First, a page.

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CAMP Professor Roshan Jachuck’s Process Intensification and Clean Technology Group Continue to Make Progress

The Process Intensification (PI) Group led by Dr. Roshan Jachuck has made considerable progress in the last two years. Based on the concepts of PI, advanced reactor technologies have been developed. See the photos, which include a rotating tube reactor (RTR) and a compact microwave reactor for isothermal studies. The Group has successfully carried out lab and pilot scale demonstrations, which are environmentally friendly, for a range of continuous processes including biodiesel production. Field effects such as microwave, ultrasonic, ultra violet radiation and centrifugal forces are routinely used to combine advances made in Green Chemistry with PI concepts in order to deliver Green Engineering. Industrial and government sponsored projects are currently underway. Some involve energy production, energy efficiency, and pollution prevention in various processes as well as those used in the food industry. Other work includes the continuous production of metallic nanoparticles, tailored polymer processing, and green processing for the semiconductor industry. More information about Professor Jachuck and his Group’s research activities can be found at their website (http://www.clarkson.edu/projects/pict/)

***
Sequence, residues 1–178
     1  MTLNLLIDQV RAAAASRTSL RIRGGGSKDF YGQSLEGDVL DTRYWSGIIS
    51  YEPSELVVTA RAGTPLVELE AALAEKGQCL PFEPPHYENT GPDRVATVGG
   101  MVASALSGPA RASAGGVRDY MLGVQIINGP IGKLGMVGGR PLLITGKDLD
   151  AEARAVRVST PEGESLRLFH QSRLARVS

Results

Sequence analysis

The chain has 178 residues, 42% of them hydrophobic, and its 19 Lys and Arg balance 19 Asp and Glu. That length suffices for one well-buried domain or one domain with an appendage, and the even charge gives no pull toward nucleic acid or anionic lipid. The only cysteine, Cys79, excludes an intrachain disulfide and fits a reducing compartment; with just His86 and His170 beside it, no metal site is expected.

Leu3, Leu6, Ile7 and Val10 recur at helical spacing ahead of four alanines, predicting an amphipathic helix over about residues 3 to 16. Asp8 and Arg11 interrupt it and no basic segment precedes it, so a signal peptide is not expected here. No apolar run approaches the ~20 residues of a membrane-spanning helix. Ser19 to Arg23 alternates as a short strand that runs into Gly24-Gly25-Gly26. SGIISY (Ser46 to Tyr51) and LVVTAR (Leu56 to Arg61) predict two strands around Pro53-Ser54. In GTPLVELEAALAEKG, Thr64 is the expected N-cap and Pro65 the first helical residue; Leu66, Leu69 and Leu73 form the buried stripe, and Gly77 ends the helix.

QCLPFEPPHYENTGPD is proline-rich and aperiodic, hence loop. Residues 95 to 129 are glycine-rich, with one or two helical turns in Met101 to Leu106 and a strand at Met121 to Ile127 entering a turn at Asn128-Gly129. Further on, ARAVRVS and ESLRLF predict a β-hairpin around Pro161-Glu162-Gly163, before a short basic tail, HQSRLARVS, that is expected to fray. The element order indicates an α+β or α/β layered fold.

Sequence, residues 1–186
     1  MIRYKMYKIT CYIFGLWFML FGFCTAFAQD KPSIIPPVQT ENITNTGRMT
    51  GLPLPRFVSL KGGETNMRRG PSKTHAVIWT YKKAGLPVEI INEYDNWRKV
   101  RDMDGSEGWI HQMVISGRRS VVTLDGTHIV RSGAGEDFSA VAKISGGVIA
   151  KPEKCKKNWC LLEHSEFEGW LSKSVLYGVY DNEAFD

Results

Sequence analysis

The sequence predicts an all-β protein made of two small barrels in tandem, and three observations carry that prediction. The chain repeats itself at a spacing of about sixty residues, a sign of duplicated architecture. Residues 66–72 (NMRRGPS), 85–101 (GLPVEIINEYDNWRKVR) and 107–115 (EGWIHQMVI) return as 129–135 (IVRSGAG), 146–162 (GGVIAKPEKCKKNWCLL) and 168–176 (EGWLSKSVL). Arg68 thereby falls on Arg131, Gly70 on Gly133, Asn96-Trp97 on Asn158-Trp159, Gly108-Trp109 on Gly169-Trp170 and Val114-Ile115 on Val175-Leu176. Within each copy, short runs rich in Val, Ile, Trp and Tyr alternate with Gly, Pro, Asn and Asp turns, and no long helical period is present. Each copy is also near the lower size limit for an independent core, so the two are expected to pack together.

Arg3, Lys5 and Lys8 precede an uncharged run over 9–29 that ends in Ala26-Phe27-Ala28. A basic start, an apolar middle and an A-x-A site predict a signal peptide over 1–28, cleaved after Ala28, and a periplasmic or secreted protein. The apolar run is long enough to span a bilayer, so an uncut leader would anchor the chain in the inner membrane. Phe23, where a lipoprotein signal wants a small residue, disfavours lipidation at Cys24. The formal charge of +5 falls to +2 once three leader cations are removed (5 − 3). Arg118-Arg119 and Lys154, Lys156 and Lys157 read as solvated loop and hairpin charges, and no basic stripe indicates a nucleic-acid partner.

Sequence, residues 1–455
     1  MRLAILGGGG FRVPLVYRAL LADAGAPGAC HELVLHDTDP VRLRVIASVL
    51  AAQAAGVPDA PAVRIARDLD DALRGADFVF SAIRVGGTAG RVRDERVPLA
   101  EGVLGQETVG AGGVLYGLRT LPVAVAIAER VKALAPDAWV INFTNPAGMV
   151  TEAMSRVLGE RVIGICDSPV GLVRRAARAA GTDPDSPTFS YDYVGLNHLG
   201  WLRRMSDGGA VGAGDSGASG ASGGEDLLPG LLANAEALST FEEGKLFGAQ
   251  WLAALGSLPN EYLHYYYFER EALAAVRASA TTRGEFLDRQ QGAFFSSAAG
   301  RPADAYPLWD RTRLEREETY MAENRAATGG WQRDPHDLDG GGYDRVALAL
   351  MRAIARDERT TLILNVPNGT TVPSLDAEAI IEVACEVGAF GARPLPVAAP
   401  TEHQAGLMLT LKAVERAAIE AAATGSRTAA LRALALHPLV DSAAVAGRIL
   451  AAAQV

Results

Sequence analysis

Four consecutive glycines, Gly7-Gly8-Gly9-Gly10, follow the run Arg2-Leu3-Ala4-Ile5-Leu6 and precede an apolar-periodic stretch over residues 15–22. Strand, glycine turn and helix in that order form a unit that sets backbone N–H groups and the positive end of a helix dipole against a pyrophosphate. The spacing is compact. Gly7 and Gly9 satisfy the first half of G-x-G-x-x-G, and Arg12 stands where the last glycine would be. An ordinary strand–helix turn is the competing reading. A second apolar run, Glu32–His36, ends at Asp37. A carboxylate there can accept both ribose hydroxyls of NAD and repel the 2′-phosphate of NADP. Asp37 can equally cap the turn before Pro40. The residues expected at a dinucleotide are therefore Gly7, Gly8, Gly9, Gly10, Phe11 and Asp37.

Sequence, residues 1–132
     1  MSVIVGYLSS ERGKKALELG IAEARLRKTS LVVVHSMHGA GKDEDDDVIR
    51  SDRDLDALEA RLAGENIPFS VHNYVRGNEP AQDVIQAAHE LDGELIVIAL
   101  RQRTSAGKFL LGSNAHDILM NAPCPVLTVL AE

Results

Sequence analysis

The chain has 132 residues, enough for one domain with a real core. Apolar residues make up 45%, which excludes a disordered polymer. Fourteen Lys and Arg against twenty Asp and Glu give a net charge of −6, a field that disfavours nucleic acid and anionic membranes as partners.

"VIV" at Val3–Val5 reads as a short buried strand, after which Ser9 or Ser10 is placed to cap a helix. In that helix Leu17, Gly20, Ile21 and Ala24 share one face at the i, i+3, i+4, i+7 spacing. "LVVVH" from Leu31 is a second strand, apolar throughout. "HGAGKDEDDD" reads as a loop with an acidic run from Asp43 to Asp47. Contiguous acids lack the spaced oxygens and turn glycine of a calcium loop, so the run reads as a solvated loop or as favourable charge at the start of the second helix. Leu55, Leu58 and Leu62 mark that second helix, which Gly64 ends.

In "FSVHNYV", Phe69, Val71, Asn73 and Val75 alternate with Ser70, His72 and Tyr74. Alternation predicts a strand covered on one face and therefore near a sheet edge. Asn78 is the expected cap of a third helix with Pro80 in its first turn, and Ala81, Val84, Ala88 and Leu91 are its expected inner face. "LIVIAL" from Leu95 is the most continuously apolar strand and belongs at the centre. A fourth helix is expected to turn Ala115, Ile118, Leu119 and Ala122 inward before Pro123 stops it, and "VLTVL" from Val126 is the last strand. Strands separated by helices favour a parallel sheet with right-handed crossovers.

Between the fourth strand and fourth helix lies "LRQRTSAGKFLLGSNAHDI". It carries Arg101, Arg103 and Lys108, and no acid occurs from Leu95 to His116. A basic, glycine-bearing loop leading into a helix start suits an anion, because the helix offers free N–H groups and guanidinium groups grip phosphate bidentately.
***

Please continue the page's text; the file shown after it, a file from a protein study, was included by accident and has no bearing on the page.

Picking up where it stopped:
CAMP Professor Suresh Dhaniyala Receives the Graham Faculty Research Award

Professor Suresh Dhaniyala

Professor Suresh Dhaniyala

CAMP Professor Suresh Dhaniyala, of Clarkson University’s Department of Mechanical and Aeronautical Engineering, was awarded the John W. Graham Jr. Faculty Research Award during the University's 114th commencement ceremony held in May.

Created in 1974 by the family of the late John W. Graham Jr., president of Clarkson University from 1966-1974, this $1,500 award is presented annually to "a faculty member showing promise in engineering, business, liberal arts or scientific research."

Professor Dhaniyala joined Clarkson University in 2002. Prior to this appointment, he was a post-doctoral scholar in chemical engineering at California Institute of Technology.

He has a Ph.D. in mechanical engineering from the University of Minnesota, an M.S. from the University of Delaware, and a B.Tech from the Indian Institute of Technology, Madras. His research interests are in the fields of nanoparticle characterization, aerosol instrumentation, aerosol sampling, and atmospheric aerosol measurements. He and his group are working on developing several next generation instruments for improved real-time characterization of submicron aerosol and nanoparticles. These instruments will be combined with modeling efforts to better understand the effect of particles on human health and the global climate. Funding sources for Suresh’s projects include NSF, NYSERDA, NASA, the U.S. Navy, and the EPA.

Professor Dhaniyala previously received the NSF CAREER Award and the Rosemount Instrumentation Award. He is a member of the American Association for Aerosol Research (AAAR), the American Geophysical Union (AGU), and the American Society of Mechanical Engineers (ASME).

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